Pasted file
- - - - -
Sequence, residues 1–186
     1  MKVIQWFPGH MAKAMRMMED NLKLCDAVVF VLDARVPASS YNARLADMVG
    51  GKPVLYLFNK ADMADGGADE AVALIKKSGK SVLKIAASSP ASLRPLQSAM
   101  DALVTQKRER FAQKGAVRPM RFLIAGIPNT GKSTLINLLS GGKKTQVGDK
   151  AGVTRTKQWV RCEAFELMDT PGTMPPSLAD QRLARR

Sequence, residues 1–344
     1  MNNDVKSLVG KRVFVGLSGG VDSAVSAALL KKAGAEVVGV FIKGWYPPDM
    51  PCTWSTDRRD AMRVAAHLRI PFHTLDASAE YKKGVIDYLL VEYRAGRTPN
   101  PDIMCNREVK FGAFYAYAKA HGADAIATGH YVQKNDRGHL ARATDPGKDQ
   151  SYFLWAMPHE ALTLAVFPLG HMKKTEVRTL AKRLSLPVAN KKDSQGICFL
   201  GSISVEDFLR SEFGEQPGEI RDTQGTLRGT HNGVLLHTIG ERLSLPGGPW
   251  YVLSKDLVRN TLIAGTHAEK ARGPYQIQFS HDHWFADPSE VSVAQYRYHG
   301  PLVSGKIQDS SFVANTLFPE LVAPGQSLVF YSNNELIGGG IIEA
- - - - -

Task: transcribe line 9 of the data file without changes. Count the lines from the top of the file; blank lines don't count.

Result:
   101  PDIMCNREVK FGAFYAYAKA HGADAIATGH YVQKNDRGHL ARATDPGKDQ